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Human error sends the New York Stock Exchange tumbling

We’ve all made mistakes at the office from time to time, but spare a thought for one worker who may have single-handedly brought down the New York Stock Exchange with just one tiny error.

The mistake of one employee has wiped billions of dollars off the charts for some of the globe’s largest companies.

The individual reportedly triggered wild swings and volatility on the New York Stock Exchange.

A number of big brand names were caught up in the catastrophe. It included McDonald’s, Walmart, and Mobil.

The NYSE eventually came clean. Officials admitted the“root cause” of the screw-up was a “manual error” from a staff member in the backup data centre.

The employee accidentally left the system running.

That’s why some stocks behaved as if trading had already started, with no opening prices being set, sending the market into a meltdown. #trending #featured

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Sport

Bombshell pro-Russian video emerges from Australian Open

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A bombshell video has emerged of the father of tennis star Novak Djokovic, amplifying the Russian controversy the Australian Open

 
Djokovic’s father was seen posing for pictures with a group of Putin supporters after his son won against Russia’s Andrey Rublev, to qualify for his 10th semi-final.

Russian flags have been banned from the Australian Open, but that didn’t stop one fan.

A man was seen holding a Russian flag with Putin’s face on it and wearing a t-shirt with the pro-war ‘Z’ symbol on it.

Four spectators were questioned by police and evicted from Melbourne Park.

After losing her semi-final, Belarusian Viktoria Azarenka hit back at media when pressed on tennis’ relationship with Russia’s war on Ukraine.

She told reporters incidents like Novak’s father posing with Russian fans have nothing to do with players.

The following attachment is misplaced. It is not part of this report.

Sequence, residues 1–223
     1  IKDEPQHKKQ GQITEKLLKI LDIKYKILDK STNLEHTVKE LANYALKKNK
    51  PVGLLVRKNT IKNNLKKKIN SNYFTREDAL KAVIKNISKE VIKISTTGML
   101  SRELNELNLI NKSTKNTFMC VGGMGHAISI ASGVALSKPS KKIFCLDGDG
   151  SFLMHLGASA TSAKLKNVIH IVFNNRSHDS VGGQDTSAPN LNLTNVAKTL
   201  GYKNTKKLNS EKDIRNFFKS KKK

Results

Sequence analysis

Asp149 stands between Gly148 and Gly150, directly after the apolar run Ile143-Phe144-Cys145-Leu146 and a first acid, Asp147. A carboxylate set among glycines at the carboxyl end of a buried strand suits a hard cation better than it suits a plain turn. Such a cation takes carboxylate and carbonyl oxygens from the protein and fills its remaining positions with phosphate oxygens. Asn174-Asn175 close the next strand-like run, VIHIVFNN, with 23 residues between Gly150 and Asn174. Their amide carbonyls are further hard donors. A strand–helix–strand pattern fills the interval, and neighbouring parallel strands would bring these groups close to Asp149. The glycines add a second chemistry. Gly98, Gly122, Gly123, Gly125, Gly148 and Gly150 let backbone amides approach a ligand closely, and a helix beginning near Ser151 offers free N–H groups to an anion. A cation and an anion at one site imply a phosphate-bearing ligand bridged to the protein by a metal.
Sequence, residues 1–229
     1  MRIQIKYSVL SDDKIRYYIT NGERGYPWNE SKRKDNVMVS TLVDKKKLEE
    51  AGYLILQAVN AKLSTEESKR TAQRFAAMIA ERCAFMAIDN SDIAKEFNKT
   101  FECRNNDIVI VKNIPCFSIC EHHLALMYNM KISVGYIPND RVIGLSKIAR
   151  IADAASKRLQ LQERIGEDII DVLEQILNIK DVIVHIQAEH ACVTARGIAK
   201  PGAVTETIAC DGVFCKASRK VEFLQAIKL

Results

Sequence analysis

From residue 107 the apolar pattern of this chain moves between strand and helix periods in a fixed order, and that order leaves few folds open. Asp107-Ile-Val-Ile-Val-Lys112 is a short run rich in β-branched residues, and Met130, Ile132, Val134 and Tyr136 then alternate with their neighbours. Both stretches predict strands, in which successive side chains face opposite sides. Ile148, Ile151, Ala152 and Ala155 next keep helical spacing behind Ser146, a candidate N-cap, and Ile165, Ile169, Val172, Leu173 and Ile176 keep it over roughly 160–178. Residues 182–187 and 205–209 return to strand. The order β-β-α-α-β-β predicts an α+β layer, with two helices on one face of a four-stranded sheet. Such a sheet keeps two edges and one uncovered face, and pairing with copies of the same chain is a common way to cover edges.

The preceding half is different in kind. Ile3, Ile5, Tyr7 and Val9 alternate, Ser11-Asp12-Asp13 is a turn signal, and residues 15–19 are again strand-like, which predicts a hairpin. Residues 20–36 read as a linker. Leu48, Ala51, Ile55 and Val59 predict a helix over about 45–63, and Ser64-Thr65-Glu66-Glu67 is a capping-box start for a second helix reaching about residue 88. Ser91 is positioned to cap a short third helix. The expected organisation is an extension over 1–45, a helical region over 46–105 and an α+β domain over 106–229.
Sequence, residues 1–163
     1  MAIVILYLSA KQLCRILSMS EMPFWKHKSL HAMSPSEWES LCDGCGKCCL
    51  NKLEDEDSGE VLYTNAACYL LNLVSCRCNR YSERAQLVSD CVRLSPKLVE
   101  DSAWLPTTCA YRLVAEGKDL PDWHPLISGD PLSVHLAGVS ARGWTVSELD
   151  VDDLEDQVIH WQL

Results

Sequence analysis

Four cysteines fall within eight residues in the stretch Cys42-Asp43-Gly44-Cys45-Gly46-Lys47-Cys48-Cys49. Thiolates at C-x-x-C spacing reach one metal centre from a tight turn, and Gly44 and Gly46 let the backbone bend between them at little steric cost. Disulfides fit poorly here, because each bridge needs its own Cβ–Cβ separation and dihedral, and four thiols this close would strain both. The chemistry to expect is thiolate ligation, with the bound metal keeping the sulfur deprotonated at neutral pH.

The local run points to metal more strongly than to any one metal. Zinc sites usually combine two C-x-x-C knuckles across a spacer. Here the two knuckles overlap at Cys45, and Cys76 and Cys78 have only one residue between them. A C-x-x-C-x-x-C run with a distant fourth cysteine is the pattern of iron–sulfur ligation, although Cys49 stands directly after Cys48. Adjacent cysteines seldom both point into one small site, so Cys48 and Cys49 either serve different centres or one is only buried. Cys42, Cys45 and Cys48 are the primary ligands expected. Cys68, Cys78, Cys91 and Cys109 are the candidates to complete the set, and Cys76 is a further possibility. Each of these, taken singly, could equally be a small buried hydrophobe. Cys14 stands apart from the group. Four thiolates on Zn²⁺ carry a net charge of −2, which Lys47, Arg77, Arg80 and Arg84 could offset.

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World

FBI Director discusses classified documents as U.S. lawmakers demand answers

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Bipartisan outrage on Capitol Hill as politicians say the Biden administration is stonewalling their quest for answers

FBI Director Christopher Wray is speaking out for the first time after several batches of classified documents were discovered in U.S. President Joe Biden’s Wilmington home and Washington think tank office.

On Thursday, Wray urged lawmakers and officials to be “conscious of the rules” when dealing with classified documents.

The statements appear to be a veiled criticism of President Biden after news broke that some of the classified papers in the President’s possession date back 14-years ago to when Biden was a Delaware Senator raising questions if this is a pattern for the president to mishandle classified information.

Meanwhile, on Capitol Hill, there is bipartisan outrage as lawmakers say the Biden administration is stonewalling them in their quest for answers.

Currently, both Biden and former President Donald Trump are facing special counsel investigations into their mishandling of classified documents—and just this week, former Vice President Mike Pence turned over classified documents to the DOJ.